Sharing human genotype and phenotype data is essential to discover otherwise inaccessible genetic associations, but is a challenge because of privacy concerns. Here, we present a method of homomorphic encryption that obscures individuals' genotypes and phenotypes, and is suited to quantitative genetic association analysis. Encrypted ciphertext and unencrypted plaintext are analytically interchangeable. The encryption uses a high-dimensional random linear orthogonal transformation key that leaves the likelihood of quantitative trait data unchanged under a linear model with normally distributed errors. It also preserves linkage disequilibrium between genetic variants and associations between variants and phenotypes. It scrambles relationships between individuals: encrypted genotype dosages closely resemble Gaussian deviates, and can be replaced by quantiles from a Gaussian with negligible effects on accuracy. Likelihood-based inferences are unaffected by orthogonal encryption. These include linear mixed models to control for unequal relatedness between individuals, heritability estimation, and including covariates when testing association. Orthogonal transformations can be applied in a modular fashion for multiparty federated mega-analyses where the parties first agree to share a common set of genotype sites and covariates prior to encryption. Each then privately encrypts and shares their own ciphertext, and analyses all parties' ciphertexts. In the absence of private variants, or knowledge of the key, we show that it is infeasible to decrypt ciphertext using existing brute-force or noise-reduction attacks. We present the method as a challenge to the community to determine its security.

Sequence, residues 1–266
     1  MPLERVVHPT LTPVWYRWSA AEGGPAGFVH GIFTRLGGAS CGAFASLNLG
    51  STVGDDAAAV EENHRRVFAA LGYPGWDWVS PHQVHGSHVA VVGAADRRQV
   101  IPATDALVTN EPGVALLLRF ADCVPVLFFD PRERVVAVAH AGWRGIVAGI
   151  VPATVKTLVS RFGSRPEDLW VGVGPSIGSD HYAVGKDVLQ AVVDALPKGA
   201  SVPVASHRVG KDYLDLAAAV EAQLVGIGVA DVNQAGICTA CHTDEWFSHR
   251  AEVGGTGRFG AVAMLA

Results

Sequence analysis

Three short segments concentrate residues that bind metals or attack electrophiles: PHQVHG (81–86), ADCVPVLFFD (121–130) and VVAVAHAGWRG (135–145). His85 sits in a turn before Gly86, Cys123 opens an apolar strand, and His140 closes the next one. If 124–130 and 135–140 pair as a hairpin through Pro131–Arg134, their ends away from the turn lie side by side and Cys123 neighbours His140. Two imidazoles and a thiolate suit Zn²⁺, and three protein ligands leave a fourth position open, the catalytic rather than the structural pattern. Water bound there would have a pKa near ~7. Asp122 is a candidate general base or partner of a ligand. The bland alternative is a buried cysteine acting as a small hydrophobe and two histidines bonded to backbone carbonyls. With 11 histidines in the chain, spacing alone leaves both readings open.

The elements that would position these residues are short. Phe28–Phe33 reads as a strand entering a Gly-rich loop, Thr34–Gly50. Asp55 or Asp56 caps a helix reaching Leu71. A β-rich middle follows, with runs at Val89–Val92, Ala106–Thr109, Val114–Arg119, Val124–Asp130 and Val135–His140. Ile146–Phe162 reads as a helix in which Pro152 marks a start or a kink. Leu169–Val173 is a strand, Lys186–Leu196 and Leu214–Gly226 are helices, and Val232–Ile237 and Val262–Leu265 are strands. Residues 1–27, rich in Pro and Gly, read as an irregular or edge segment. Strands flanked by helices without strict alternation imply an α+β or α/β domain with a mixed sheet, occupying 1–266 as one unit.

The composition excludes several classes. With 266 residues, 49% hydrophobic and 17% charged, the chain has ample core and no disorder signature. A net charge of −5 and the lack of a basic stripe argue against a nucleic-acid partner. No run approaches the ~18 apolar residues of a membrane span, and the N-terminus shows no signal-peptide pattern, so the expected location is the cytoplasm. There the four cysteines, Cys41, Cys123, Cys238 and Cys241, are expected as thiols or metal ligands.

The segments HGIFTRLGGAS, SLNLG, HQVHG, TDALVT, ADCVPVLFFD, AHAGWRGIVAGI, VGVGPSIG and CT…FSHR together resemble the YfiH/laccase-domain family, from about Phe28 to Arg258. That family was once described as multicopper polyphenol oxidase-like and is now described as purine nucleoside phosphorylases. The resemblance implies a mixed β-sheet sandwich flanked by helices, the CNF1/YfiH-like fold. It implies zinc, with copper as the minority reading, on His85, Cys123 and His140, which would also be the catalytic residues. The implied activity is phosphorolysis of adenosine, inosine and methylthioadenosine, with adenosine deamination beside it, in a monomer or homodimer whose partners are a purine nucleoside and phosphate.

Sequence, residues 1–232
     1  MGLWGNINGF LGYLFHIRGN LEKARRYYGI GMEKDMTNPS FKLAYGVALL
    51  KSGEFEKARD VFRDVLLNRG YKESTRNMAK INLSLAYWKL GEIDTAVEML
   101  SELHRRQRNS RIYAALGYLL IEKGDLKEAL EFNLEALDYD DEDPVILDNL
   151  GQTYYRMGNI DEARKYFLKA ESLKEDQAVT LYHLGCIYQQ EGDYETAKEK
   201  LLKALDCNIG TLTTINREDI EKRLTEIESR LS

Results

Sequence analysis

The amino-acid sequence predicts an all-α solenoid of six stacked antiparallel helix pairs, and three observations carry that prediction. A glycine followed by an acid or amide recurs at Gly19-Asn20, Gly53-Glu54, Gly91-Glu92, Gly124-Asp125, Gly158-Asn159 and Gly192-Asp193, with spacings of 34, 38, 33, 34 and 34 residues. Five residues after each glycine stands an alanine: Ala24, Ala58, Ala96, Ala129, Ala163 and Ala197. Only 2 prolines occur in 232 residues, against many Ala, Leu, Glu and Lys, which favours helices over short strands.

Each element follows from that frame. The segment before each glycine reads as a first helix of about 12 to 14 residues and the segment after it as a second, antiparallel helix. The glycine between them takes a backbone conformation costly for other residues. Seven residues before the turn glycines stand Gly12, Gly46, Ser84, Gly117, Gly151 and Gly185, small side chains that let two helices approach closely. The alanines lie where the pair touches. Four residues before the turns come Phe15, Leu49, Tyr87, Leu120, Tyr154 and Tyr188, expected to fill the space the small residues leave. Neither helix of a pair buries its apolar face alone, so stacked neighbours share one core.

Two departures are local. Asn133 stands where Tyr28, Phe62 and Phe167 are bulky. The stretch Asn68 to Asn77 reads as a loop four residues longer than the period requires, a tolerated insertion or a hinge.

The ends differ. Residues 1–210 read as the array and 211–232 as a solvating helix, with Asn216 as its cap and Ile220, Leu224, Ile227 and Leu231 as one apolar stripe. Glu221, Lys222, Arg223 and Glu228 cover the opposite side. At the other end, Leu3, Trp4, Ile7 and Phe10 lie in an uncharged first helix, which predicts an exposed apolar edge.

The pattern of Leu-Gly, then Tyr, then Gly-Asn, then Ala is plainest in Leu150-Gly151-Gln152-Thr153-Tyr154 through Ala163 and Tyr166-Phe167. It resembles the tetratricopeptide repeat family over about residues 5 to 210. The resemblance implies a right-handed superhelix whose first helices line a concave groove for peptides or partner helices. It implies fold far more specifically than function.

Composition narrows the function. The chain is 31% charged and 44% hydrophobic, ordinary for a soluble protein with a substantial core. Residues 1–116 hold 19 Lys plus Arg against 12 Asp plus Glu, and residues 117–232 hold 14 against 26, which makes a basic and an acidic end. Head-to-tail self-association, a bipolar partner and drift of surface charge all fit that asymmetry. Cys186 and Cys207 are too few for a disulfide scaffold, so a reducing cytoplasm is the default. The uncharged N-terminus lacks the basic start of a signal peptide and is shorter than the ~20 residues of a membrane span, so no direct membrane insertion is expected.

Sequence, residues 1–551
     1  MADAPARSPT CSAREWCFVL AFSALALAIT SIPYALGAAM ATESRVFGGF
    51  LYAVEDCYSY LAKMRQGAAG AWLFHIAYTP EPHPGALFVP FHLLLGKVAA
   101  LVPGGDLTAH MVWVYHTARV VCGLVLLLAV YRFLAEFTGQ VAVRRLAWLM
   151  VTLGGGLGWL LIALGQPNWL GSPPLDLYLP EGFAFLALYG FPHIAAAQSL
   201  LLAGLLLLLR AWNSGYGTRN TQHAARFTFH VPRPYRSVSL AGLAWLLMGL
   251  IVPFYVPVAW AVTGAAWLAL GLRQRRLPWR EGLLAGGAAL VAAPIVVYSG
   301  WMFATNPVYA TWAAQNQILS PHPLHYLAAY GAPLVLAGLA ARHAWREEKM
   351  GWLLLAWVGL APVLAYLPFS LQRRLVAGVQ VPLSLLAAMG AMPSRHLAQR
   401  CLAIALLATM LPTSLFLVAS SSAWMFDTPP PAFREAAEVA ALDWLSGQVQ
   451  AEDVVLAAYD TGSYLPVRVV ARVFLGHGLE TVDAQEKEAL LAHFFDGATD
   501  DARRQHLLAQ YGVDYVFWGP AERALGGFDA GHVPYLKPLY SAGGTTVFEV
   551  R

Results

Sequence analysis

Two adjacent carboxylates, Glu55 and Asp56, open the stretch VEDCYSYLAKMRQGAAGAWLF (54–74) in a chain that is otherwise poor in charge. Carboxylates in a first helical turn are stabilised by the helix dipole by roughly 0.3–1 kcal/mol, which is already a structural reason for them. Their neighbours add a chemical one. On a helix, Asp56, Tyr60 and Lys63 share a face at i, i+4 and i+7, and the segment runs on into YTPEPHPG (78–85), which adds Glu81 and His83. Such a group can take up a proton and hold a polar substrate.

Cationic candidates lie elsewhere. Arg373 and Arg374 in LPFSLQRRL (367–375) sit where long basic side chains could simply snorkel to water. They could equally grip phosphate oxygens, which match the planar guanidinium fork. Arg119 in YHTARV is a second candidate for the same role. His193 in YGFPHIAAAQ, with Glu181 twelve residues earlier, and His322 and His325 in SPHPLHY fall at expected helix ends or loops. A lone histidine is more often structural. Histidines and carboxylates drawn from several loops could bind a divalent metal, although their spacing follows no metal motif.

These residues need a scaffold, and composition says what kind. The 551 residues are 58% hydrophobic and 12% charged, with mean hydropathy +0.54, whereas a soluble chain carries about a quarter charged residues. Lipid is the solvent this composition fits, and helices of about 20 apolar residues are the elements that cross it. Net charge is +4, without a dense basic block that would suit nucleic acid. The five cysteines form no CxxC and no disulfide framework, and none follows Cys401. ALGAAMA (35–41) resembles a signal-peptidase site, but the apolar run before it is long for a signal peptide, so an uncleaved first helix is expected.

Keywords: genetic privacy; homomorphic encryption; quantitative genetics.
Copyright © 2020 Mott et al.